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Ontario Place is an entertainment venue, event venue, and park in Toronto, Ontario, Canada. The venue is located on three artificial landscaped islands just off-shore in Lake Ontario, south of Exhibition Place and southwest of Downtown Toronto. It opened on May 22, 1971, and operated as a theme park centred around Ontario themes and family attractions until 2012 when the Government of Ontario announced that it would close for redevelopment. It has since reopened as a park without admission but without several of the old attractions. The Government of Ontario is currently considering further redevelopment of the site.

Ontario Place
WikiOntarioPlace Toronto ID2.jpg
Aerial overview of Ontario Place, 2006
TypePark incorporating entertainment and event venues
LocationToronto, Ontario, Canada
Coordinates43°37′44″N 79°25′01″W / 43.629°N 79.417°W / 43.629; -79.417Coordinates: 43°37′44″N 79°25′01″W / 43.629°N 79.417°W / 43.629; -79.417
Area155 acres (62.73 ha)
Created1971 (1971)
Operated byOntario Place Corporation
Websitehttp://www.ontarioplace.com

Since the closure as a theme park, several of the venue's facilities have remained open, one reopened, and one section was redeveloped. The Budweiser concert stage operates during the summer season. The Cinesphere, the original IMAX theatre, reopened with new projection equipment and shows films regularly. On the East Island, Trillium Park and the William Davis trail opened in 2017. A marina, sheltered by three sunken lake freighters operates seasonally at the site. The exhibit "pods", several pavilions suspended above a lagoon, have remained closed after the closure of the Atlantis event facility. The West Island has been repurposed for recreation use and special events.

HistoryEdit

The Ontario Place theme park operated annually during the summer months from 1971 until 2011. Designed originally to promote the Province of Ontario through exhibits and entertainment,[1] its focus changed over time to be that of a theme park for families with a water park, a children's play area, and amusement rides. Exhibits in the pods were discontinued and the pods became a venue for private events. The concert stage was turned over to a private concert operator and rebuilt as the Amphitheatre. After a long period of declining attendance, the Government of Ontario closed the facility except for its music venue and marina after the 2011 season.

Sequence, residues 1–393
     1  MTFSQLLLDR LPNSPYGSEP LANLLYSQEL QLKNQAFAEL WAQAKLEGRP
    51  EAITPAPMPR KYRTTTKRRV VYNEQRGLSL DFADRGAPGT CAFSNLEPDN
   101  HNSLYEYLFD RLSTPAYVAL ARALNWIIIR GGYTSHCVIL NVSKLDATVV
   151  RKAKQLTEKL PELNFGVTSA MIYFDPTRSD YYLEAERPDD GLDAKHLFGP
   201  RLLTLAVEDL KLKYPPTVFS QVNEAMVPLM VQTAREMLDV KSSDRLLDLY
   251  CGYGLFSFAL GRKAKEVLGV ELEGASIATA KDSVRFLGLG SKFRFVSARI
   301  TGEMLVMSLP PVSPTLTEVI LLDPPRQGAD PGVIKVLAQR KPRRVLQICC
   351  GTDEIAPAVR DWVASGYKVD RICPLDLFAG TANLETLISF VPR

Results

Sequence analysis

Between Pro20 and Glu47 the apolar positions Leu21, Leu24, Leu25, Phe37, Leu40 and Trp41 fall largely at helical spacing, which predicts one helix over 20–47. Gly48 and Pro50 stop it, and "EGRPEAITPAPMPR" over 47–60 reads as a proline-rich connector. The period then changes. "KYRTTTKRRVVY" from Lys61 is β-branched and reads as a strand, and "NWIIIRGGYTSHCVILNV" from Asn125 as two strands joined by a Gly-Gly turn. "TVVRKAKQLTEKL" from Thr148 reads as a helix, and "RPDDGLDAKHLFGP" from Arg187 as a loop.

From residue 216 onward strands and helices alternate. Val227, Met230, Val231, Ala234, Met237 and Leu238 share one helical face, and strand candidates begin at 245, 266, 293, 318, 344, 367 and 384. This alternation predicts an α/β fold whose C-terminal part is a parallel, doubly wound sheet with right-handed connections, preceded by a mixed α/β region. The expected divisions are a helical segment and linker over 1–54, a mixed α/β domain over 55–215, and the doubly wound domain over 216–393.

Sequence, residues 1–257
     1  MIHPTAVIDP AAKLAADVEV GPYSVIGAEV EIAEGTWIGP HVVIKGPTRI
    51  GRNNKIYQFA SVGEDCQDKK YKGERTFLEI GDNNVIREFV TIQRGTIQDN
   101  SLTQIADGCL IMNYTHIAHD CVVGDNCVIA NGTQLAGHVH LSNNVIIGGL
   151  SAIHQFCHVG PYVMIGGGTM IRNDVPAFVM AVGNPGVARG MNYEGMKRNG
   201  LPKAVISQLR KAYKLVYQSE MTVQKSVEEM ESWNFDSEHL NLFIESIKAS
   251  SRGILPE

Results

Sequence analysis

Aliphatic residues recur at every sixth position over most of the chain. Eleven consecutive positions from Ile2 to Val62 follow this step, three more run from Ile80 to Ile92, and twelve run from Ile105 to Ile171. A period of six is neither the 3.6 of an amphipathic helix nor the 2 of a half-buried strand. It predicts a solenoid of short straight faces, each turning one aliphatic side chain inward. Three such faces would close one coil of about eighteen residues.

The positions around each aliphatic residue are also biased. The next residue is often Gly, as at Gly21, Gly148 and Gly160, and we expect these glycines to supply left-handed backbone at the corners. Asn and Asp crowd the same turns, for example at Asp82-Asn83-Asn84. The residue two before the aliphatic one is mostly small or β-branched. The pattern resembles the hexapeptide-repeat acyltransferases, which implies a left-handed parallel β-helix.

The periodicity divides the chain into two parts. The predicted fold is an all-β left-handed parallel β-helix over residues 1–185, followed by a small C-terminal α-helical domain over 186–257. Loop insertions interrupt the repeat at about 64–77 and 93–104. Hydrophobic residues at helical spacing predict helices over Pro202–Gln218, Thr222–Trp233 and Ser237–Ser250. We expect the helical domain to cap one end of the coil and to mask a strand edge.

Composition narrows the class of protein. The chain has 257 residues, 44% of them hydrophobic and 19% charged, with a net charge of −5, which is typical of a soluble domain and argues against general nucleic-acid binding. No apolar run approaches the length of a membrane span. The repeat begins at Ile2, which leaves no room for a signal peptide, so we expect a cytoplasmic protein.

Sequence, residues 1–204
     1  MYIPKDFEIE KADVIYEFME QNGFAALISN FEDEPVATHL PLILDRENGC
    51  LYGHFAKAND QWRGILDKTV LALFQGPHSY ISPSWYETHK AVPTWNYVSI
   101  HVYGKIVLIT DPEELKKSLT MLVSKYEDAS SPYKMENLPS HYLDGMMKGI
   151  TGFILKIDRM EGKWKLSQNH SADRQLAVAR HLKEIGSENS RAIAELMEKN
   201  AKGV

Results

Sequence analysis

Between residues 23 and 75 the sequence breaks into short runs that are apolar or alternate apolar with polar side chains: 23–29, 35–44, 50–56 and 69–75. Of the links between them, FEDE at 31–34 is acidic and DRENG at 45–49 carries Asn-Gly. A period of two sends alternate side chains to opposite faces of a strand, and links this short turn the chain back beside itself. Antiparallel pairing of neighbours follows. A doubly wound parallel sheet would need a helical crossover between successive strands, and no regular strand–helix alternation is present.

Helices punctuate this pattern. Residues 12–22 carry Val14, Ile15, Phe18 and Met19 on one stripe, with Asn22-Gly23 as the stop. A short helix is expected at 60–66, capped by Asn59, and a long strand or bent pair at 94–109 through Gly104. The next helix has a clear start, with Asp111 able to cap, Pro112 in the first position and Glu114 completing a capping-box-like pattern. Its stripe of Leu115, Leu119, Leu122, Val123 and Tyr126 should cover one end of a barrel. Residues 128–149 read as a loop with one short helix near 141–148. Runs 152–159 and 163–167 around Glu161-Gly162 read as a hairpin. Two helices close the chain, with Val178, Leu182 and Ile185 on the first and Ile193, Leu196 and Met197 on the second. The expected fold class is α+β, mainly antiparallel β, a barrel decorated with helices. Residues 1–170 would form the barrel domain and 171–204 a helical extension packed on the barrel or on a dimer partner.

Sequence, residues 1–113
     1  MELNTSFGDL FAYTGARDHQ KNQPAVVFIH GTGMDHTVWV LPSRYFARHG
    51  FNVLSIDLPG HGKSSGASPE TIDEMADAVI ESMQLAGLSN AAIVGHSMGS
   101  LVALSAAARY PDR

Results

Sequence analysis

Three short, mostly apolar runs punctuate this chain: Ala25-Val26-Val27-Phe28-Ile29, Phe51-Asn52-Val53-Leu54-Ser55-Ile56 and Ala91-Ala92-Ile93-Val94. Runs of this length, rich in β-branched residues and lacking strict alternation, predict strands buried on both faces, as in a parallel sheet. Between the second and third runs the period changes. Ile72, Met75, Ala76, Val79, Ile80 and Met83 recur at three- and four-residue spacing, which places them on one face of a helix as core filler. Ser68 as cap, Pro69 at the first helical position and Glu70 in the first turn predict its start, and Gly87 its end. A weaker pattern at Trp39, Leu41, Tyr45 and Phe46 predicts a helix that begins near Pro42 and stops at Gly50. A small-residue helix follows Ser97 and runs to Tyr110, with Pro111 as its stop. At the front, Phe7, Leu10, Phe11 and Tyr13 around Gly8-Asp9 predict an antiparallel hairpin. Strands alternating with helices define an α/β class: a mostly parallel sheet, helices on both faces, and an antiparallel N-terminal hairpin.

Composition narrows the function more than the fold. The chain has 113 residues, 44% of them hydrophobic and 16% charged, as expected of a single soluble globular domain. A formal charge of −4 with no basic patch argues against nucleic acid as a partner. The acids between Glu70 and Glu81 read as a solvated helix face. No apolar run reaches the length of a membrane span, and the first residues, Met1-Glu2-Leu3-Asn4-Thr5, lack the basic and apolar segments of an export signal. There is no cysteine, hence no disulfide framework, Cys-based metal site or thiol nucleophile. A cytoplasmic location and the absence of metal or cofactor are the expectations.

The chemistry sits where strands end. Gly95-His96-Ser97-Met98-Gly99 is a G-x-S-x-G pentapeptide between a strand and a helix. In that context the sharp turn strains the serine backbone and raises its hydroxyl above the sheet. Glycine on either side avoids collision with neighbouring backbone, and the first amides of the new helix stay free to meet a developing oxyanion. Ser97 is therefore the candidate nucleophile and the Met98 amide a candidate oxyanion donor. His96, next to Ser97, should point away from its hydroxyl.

BackgroundEdit

 
Cinesphere at Ontario Place

Built in 1926, the CNE Ontario Government Building displayed exhibits about Ontario at the annual Canadian National Exhibition (CNE). After the success of the Ontario Pavilion at Expo 67 in Montreal, the Government of Ontario decided to replace the CNE building with a new state-of-the-art showcase. The government at first considered moving the Ontario Pavilion to a site on Toronto Island but instead decided at the instigation of Jim Ramsay, to build a facility elsewhere on the waterfront.[2] Ontario Premier John Robarts announced the project at the opening of the CNE in August 1968.[2]

We shall utilize the natural setting of the waterfront, modern structural designs, and hope to create the mood of gaiety and openness which helped make so popular the Ontario Pavilion at Expo '67

— Ontario Premier John Robarts, [2]

The park itself was originally conceived as an onshore exhibit, but this idea was discarded in favour of five large, architecturally unique, three-level pods in an aquatic setting somewhat similar in concept to Montreal's Expo 67 grounds (which were in the middle of the Saint Lawrence River). Each pod would be approximately 8,000 square feet (740 m2) in area, and suspended by steel cables from four large central pylons driven deep into the lake bed. These pods initially housed various Ontario-themed exhibits. The first model displayed to the government dismayed director Jim Ramsay:

The first time we saw it was in October 1968, when the architects brought in this small model and laid it before us. It was nothing but a few pieces of balsa wood, some pieces of black plastic and a half tennis ball sticking up. I remember thinking 'Oh my God – what's this we're getting?'

— Jim Ramsay, executive director of Ontario Place, [2]